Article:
you've watched "Down to Earth" with Pauline
Quirke and Warren Clarke on BBC One TV then you've already seen
quite a lot of Great Torrington (there's a "Little" and
a "Black" one too!).
from being the home of some of North Devon's most famous visitor
attractions - like Dartington Crystal, the Royal Horticultural Society's
gardens at Rosemoor and new for 2000, the Civil War experience of
"Torrington 1646", this pretty market town has
much, much more to set it apart.
random collection of reasons to visit my home town of Great Torrington
might include any number of things - here are just one or two for
you to choose from:
about Great Torrington's pannier market - restored to its glass-roofed
Victorian charm and bustle, full of local produce, craft stalls
the pannier market
open every weekday with special events each Thursday, Friday and
Then there's the terrifyingly steep drop from Castle Hill down to
the sparkle of the river Torridge as it flows down towards Bideford,
beside the Tarka Trail cycle and footpath.
And what about the brooding stone obelisk half-way down the hill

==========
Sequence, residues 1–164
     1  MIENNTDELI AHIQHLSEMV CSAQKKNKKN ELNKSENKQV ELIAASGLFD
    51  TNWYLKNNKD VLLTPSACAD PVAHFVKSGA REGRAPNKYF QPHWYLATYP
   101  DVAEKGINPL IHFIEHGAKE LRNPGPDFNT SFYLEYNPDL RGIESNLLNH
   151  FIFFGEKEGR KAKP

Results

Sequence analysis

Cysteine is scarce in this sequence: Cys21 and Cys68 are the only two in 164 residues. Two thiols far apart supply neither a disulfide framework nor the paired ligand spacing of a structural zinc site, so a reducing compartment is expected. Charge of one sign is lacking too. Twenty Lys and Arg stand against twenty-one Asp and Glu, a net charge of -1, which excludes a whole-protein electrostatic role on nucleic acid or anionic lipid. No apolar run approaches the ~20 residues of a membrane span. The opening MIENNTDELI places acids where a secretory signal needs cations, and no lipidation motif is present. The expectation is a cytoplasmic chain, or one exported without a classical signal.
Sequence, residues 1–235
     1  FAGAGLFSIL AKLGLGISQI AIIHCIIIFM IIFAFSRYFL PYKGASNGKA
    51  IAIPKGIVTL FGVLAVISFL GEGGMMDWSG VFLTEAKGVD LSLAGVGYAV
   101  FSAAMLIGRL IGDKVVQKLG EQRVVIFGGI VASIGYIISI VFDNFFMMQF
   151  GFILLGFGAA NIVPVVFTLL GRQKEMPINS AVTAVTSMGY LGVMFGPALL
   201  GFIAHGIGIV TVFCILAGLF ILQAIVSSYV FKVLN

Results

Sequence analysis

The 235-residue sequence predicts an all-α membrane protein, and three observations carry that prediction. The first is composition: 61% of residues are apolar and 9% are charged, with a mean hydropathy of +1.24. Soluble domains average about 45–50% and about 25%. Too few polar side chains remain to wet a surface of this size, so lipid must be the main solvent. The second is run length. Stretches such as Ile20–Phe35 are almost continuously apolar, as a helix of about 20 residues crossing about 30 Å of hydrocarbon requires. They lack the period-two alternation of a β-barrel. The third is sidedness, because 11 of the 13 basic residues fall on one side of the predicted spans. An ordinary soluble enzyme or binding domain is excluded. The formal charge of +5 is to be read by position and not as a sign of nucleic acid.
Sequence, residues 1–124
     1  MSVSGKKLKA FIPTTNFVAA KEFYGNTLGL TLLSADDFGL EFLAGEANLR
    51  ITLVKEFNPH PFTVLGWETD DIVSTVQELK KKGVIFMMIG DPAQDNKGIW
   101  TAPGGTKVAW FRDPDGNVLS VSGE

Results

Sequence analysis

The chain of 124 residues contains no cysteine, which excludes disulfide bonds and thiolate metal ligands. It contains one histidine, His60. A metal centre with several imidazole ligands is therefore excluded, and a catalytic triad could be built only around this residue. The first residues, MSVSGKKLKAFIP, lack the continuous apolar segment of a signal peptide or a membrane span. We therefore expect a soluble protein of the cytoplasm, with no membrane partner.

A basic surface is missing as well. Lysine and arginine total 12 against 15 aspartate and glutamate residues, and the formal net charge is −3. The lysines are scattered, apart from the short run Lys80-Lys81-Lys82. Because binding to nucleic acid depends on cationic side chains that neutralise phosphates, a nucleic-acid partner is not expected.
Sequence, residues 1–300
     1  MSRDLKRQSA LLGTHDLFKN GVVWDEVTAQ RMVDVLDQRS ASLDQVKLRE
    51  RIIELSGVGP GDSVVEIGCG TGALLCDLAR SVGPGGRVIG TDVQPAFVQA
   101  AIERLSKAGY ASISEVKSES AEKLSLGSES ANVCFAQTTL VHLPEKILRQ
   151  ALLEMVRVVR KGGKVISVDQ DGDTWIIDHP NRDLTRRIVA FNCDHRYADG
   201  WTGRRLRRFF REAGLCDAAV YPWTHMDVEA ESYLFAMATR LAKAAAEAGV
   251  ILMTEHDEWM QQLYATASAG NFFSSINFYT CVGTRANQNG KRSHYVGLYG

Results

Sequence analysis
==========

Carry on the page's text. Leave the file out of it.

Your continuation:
- erected to commemorate the heroes of Waterloo by "the ladies
of Great Torrington" - now there's exercise for the imagination!
Dimmock led a team of townsfolk to transform the Vicarage
away from the middle of town the walled Vicarage Garden has just
become a "Garden Army" community makeover project, personally
supervised for TV by the inimitable Charlie Dimmock. It's
now supplying an increasing variety of organic traditional vegetables,
fruit and herbs to the Pannier Market.
over the road in the parish churchyard, there's a curious , cobble-covered
mound said to contain the remains of Royalist prisoners killed when
an accidental gunpowder explosion destroyed the church during one
of the battles of the English Civil War. Dowsers claim there are
over 60 bodies buried there!
on Great Torrington